Jacqueline Miller, the mother, corroborated this testimony. She added that when she first saw the baby upon her return its outer pants had been removed and "one side of the diaper was loose." On cross-examination she testified that her mother was not drunk at the time; the defendant did not enter the washroom and that James Carter and Carl Beck had been outside the gate but did not enter the home. She also testified that Brenda Carter and Gail Rogers had left with the group to buy food but had not returned to the home.

The parties stipulated that if a qualified physician were called he would testify that he had examined the infant, 43 days old, at the hospital emergency ward at approximately 10:30 p.m. that day. He found external and internal damage done to the vaginal area of the infant, and, in his opinion, this damage could only have been done by external trauma resulting from penetration or attempted penetration of the vaginal area.

The defendant first called police investigator John Herman. He testified that he was uninformed regarding any physical inspection of the defendant when arrested.

Defendant called Vail Adams, one of the twins. She testified that the group had left the home for food about 7:30 or 8 p.m. They were gone about 40 minutes. When they left they saw James Carter and Carl Beck "just coming in." When the police came, after the group had returned, Beck and Carter were present. She testified that at 9 p.m. Alice Miller, the grandmother, was drunk. On cross-examination she stated that she was the "girlfriend" of the defendant. Neither she nor her sister Gail wanted the defendant to go to jail. She never told the mother of the infant that the defendant had "done it." She knew that it would help defendant if she said others were in the home at the time.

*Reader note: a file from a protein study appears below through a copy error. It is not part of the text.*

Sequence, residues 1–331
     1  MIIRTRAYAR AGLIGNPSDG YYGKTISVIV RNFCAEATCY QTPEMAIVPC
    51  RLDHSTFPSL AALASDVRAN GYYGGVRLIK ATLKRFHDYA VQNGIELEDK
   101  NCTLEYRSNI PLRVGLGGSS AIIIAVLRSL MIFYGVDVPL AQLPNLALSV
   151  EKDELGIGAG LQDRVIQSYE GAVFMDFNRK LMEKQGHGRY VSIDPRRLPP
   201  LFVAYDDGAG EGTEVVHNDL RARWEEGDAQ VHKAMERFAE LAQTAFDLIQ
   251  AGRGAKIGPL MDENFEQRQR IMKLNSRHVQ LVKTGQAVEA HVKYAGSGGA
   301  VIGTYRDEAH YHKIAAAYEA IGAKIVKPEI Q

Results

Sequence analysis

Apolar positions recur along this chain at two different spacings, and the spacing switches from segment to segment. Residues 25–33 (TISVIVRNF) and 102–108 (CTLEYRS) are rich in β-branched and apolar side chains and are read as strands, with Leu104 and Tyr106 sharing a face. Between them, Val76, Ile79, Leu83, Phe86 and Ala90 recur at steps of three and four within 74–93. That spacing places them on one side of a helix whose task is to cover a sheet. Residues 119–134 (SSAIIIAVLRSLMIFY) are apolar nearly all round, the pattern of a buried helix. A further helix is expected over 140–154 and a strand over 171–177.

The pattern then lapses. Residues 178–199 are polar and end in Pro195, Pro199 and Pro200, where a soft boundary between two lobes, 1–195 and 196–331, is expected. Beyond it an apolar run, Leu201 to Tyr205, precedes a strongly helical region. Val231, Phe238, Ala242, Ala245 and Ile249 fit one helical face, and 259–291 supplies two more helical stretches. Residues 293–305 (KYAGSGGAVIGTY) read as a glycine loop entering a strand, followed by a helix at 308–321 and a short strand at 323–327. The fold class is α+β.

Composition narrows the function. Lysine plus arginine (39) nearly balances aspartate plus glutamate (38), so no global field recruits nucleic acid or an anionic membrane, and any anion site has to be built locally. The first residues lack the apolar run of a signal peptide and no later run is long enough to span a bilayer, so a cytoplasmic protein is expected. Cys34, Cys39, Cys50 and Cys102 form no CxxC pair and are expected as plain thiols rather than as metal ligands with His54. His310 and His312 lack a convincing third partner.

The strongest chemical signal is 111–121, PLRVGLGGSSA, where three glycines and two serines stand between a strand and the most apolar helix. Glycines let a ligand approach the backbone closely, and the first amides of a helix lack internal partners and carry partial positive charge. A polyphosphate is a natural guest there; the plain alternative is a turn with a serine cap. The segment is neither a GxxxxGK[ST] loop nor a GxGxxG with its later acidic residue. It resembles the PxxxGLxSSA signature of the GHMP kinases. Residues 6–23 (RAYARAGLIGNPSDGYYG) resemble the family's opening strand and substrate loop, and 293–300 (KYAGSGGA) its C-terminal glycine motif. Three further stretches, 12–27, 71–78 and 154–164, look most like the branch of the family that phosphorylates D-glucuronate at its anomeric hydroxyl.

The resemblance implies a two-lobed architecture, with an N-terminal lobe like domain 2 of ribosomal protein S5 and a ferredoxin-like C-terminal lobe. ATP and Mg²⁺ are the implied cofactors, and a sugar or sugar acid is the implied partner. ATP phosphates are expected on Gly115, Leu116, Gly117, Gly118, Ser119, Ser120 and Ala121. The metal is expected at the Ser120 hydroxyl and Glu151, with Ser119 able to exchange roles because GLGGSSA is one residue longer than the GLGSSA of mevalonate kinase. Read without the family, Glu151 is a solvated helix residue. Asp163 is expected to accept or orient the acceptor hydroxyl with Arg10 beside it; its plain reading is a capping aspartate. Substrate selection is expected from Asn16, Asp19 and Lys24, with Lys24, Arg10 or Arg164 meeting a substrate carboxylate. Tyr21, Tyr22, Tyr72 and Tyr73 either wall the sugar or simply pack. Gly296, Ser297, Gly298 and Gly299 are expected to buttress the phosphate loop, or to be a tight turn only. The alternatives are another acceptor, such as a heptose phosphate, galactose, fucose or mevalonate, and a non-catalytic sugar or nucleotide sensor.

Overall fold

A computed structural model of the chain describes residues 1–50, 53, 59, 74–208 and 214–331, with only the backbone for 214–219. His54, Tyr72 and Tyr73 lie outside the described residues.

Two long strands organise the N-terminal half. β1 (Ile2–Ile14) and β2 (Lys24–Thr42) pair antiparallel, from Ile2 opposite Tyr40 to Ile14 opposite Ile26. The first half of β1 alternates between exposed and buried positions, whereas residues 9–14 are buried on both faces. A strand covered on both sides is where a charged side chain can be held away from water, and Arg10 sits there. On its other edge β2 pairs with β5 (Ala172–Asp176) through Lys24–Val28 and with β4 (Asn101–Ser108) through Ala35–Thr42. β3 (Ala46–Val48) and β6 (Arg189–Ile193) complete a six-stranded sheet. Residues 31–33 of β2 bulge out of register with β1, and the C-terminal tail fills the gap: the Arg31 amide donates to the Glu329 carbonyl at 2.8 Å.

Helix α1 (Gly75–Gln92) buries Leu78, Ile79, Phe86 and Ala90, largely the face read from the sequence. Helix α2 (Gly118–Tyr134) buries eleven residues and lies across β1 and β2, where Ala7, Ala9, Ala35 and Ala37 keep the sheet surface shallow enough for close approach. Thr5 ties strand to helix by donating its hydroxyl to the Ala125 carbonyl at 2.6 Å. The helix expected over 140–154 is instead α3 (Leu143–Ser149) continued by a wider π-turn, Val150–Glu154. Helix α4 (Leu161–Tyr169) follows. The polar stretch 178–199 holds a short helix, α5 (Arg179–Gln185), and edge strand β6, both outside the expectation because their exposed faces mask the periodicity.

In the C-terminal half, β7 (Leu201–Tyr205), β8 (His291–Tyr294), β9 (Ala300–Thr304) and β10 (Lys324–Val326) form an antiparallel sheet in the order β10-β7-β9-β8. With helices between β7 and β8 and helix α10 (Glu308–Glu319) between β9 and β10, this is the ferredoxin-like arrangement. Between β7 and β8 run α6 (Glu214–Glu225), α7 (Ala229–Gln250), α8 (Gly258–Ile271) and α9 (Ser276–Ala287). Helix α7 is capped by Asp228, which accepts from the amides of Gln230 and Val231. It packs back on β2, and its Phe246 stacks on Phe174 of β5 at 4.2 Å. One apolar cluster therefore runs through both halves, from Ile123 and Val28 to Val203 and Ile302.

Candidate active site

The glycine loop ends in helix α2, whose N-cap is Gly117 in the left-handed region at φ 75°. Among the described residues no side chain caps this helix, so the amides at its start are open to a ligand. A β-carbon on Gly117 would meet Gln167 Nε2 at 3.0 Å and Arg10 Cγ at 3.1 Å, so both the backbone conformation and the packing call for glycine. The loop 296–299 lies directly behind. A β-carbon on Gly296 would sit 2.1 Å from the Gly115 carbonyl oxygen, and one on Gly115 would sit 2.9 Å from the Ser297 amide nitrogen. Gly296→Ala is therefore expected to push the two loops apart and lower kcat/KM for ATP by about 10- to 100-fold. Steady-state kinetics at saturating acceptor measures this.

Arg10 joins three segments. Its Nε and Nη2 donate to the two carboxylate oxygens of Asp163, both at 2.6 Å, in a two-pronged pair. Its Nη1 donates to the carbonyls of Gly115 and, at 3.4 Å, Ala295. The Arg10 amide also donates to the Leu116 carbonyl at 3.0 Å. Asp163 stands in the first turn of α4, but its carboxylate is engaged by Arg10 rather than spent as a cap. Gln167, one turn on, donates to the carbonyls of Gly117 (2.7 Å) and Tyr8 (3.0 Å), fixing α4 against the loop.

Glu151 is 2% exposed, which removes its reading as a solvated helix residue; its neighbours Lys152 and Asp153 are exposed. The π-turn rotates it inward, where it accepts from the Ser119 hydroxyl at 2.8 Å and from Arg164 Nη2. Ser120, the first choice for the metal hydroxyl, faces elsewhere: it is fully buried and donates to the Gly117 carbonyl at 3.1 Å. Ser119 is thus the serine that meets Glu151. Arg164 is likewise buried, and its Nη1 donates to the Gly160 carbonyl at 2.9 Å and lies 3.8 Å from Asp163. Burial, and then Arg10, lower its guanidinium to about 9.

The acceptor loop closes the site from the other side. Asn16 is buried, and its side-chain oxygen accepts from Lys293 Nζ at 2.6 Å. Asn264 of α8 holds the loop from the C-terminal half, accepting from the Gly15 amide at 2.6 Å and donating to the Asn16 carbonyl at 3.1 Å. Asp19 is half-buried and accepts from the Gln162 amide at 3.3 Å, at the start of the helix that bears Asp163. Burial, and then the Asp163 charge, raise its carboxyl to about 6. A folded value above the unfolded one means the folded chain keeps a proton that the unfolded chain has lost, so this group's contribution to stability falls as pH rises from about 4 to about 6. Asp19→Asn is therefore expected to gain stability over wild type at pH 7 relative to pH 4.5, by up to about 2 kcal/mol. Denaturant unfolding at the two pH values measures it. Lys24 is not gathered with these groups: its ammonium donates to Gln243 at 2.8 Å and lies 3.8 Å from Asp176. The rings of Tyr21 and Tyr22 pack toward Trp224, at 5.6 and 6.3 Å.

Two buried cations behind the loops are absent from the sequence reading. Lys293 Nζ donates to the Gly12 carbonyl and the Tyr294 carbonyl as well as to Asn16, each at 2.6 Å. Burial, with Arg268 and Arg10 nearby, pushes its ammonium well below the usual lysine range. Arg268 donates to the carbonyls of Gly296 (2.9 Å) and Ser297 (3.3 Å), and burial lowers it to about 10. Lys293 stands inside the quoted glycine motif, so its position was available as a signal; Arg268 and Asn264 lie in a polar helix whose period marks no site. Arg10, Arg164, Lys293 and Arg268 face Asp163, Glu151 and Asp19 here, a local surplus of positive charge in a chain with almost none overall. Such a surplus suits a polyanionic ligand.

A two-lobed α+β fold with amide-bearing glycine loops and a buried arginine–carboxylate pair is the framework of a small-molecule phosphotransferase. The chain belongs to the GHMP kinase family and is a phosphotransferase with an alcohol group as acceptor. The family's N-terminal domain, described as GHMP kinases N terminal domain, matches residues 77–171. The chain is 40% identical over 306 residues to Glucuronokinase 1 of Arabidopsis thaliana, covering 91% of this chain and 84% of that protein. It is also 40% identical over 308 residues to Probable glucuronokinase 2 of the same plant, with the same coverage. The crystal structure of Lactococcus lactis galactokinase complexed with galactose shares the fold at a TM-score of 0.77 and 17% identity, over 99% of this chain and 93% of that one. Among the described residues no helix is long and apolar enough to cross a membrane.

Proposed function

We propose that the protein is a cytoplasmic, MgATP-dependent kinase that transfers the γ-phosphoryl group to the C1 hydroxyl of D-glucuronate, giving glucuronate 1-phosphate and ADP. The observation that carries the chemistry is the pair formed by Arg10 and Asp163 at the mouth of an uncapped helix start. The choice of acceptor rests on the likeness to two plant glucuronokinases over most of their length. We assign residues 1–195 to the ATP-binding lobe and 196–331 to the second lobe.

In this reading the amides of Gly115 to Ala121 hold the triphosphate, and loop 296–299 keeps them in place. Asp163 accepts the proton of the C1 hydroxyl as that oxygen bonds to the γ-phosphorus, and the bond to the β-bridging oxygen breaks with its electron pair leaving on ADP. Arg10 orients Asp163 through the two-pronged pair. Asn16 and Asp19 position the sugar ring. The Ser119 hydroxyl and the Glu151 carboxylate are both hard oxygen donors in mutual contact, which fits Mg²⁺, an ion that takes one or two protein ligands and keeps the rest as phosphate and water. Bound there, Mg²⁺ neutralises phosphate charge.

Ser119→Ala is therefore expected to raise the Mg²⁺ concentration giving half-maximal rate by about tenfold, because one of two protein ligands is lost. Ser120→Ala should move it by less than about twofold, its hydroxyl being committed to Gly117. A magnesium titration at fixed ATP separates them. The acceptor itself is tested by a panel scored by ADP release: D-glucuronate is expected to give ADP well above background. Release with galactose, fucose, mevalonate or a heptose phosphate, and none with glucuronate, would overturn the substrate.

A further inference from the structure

Gail Adams testified that she went to the home about 6 p.m. with her sister Vail, Gail Rogers and the defendant. The group went to obtain food and were gone about 40 minutes. As they were leaving Beck and Carter "came in." When the group returned and when the police arrived, Beck and Carter were still there. The infant's grandmother was drinking heavily and was drunk. On cross-examination the witness stated that she and Vail had been girlfriends of defendant but presently were not. She had spoken to defendant about the case more than 10 times but not more than 20 times. She and her sister had talked to defendant about it on the morning of her testimony. She did not remember if at the hospital she told the mother of the infant that she did not know why defendant "would do something like this."